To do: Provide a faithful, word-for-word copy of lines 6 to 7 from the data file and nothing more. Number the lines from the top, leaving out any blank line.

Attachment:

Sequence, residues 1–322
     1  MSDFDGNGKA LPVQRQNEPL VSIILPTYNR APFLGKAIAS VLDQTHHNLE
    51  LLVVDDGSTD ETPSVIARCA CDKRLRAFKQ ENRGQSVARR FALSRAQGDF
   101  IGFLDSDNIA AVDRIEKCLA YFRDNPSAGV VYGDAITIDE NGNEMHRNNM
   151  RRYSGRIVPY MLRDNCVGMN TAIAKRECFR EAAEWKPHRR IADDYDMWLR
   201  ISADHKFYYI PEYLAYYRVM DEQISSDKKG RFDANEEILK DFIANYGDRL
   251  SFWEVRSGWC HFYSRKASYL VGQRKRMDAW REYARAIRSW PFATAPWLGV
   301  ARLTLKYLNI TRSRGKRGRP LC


   201  ISADHKFYYI PEYLAYYRVM DEQISSDKKG RFDANEEILK DFIANYGDRL
   251  SFWEVRSGWC HFYSRKASYL VGQRKRMDAW REYARAIRSW PFATAPWLGV